Higher Vote Requirement Would Cut Approved Amendments by 2/3

…But We South Dakotans Like Changing Our Constitution!

Senator Jim Bolin wants to make it harder to amend the South Dakota Constitution. Last Session, Senator Bolin proposed Senate Joint Resolution 2, an amendment to raise the threshold for the Legislature to call a public vote on an amendment from simple majority to two-thirds of each chamber and to raise the general election vote threshold from simple majority to 60%. That proposal fell short of a two-thirds vote in the Senate and died in House State Affairs.

Now on the interim task force on initiative and referendum, Senator Bolin has offered two simpler proposals, leaving the threshold for placing measures on the ballot alone but proposing either a 55% or 60% threshold for approving amendments in the general election.

During the debate on Bolin’s SJR 2, I noted that his 60% requirement would have reduced the number of amendments passed by voters since 2000 from fourteen to five.

At the task force’s request, the Legislative Research Council extends that analysis with this handy chart of how we’ve voted on every constitutional amendment since 1970 and how Senator Bolin’s higher vote thresholds would have affected passage. Unfortunately, LRC appears to flip some columns and count five failed amendments (2008 G H & J, 2004 A & B) as passed. LRC also leaves out the June 2002 vote on Amendment A on corporate farming.

Revising the LRC table, I find that since 1970, voters have approved 45 of 97 proposed constitutional amendments. Raise the threshold to 55%, and only 31 measures would have passed. Raise it to 60%, and only 14 would have passed.

For the parliamentarians among us, if we considered the traditional parliamentary rule-changing threshold of two-thirds, only eight amendments out of the 97 over the last 46 years would have passed.

Senator Bolin’s fundamental motivation here is sound: amending a constitution should be harder than changing laws. But as I noted in our discussion of SJR 2 last winter, we already make amending the constitution harder than changing our laws. Laws can pass by Legislative vote or by citizen initiative. The Legislature cannot pass amendments by itself; any amendments the Legislature seeks must also win the approval of the voters. Citizens can pass amendments without the Legislature, but placing an initiated amendment on the ballot requires twice as many petition signatures as an initiated law.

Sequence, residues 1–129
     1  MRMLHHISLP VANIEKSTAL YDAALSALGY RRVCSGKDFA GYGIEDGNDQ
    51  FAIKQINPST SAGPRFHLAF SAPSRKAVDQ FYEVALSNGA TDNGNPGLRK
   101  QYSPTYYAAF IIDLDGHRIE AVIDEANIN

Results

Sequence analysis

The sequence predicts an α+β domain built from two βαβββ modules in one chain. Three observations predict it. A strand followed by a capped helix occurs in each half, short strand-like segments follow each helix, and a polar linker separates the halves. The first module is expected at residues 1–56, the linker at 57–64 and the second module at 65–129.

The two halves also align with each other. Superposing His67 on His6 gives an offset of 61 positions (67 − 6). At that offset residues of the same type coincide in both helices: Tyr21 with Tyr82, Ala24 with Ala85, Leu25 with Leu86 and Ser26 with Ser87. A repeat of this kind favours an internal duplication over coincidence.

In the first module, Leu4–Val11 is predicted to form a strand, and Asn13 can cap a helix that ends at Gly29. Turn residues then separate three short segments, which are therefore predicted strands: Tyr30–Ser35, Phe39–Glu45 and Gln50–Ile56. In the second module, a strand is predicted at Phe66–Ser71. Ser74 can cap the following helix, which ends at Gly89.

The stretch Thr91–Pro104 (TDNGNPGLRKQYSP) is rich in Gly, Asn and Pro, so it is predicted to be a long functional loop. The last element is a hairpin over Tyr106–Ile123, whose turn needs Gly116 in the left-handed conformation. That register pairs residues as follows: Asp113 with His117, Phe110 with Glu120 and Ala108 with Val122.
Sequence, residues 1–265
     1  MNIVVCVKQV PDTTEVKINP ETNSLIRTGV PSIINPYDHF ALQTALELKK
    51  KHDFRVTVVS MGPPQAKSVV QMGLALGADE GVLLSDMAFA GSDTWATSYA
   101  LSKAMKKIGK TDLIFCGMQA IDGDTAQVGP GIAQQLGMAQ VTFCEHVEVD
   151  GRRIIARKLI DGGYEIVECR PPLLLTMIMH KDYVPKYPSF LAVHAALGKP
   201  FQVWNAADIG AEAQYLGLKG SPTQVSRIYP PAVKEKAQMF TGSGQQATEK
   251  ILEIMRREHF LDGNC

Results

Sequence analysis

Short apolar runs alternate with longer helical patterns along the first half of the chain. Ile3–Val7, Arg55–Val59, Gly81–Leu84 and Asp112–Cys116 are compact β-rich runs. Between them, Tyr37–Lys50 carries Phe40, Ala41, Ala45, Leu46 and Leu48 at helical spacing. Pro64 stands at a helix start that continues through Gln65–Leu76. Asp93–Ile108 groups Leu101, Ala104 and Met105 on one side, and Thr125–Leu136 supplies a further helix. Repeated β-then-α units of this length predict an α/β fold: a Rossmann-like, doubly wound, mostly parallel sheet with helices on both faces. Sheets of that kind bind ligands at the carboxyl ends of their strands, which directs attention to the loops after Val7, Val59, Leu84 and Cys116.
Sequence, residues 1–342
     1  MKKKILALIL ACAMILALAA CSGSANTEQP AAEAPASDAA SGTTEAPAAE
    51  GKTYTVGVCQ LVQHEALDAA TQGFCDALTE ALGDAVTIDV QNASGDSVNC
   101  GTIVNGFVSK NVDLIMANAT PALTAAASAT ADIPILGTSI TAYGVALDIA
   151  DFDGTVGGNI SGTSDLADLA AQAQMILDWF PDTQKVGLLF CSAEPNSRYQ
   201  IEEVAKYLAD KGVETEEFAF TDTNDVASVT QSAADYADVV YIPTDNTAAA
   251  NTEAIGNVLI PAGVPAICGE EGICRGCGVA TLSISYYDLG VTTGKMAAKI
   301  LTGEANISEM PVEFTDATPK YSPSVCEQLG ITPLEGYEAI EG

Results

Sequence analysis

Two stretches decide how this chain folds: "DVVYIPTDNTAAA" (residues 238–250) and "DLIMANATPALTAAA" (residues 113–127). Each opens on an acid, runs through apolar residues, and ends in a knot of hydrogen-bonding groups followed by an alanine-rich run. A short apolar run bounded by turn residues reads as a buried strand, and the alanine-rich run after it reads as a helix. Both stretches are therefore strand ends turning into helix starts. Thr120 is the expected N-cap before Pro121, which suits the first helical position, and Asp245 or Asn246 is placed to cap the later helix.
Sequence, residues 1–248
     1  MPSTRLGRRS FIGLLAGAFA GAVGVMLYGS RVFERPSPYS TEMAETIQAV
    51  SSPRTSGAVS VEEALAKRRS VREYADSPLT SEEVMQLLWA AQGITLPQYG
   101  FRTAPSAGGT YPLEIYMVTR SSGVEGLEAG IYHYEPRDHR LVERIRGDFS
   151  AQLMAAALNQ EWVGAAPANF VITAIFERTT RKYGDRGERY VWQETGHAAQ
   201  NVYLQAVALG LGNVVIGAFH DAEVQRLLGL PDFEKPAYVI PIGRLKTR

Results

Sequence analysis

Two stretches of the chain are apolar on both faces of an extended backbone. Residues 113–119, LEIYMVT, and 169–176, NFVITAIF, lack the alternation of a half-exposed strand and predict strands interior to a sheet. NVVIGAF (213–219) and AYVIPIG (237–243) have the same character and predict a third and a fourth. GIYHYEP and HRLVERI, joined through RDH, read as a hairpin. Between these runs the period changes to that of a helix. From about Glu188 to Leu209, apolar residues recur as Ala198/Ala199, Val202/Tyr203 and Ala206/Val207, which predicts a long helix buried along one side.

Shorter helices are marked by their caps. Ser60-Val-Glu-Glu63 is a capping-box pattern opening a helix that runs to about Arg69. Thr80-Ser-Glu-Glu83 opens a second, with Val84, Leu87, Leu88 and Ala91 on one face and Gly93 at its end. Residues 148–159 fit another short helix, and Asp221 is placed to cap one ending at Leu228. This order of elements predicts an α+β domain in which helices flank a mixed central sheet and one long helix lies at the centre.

I was going to add that citizens are probably more wary of changing their constitution than they are of changing their laws. However, since 1970, we have passed 46% of the amendments that have come our way and only 37% of the laws placed on the ballot by initiative or referendum. Since 1890, that difference is even greater: we’ve passed 49% of proposed amendments but only 29% of proposed laws.

We’re also more likely to pass amendments proposed by the Legislature than those initiated by our fellow citizens. Of 222 amendments placed on the ballot by the Legislature, we’ve approved 112—that’s one more than 50%! Of the 16 we have initiated, we have approved 6—that’s 38%, about the same as the rate at which we’ve approved initiated laws (10 out of 26).

Those numbers suggest that we the people hold our state constitution less sacrosanct than our statutes. Or maybe South Dakotans are just pragmatists who won’t let abstractions from political philosophers like Senator Bolin and me stand in the way of fixing problems.


3 Responses to Higher Vote Requirement Would Cut Approved Amendments by 2/3

  1. Porter Lansing

    Making it harder for the people to amend their constitution is saying that everything is perfect the way it is and to just leave everything alone. Some “slow to change” fundamentalists may see this as proper. The voters didn’t.
    If the constitution was completely wiped clean and an all new modern constitution was written then maybe a higher threshold for change might be appropriate … but only for maybe ten years at a time.
    Change Is Hard … Nothing worth doing is ever easy.

  2. Good point, Porter. Contending that we need to make it harder to amend our constitution assumes that our constitution doesn’t need changing, or at least not as much changing. 45 changes since 1970, 122 changes since 1890—we’re averaging about a change a year. Is that so bad? Has that rate of change in our constitution caused any harmful instability in our system of governance?

  3. Donald Pay

    Wisconsin’s amendment process requires that proposed amendments pass in two succeeding biennial sessions of the Legislature. That means it takes as many as four years to pass an amendment. Dumb. South Dakota’s process is much better, and it isn’t broke.

    Sometimes people like Bolin propose this kind of stuff to prove to themselves how smart they think they are. They try to solve a non-existent problem in order to have an excuse for not dealing with the real problems of the state.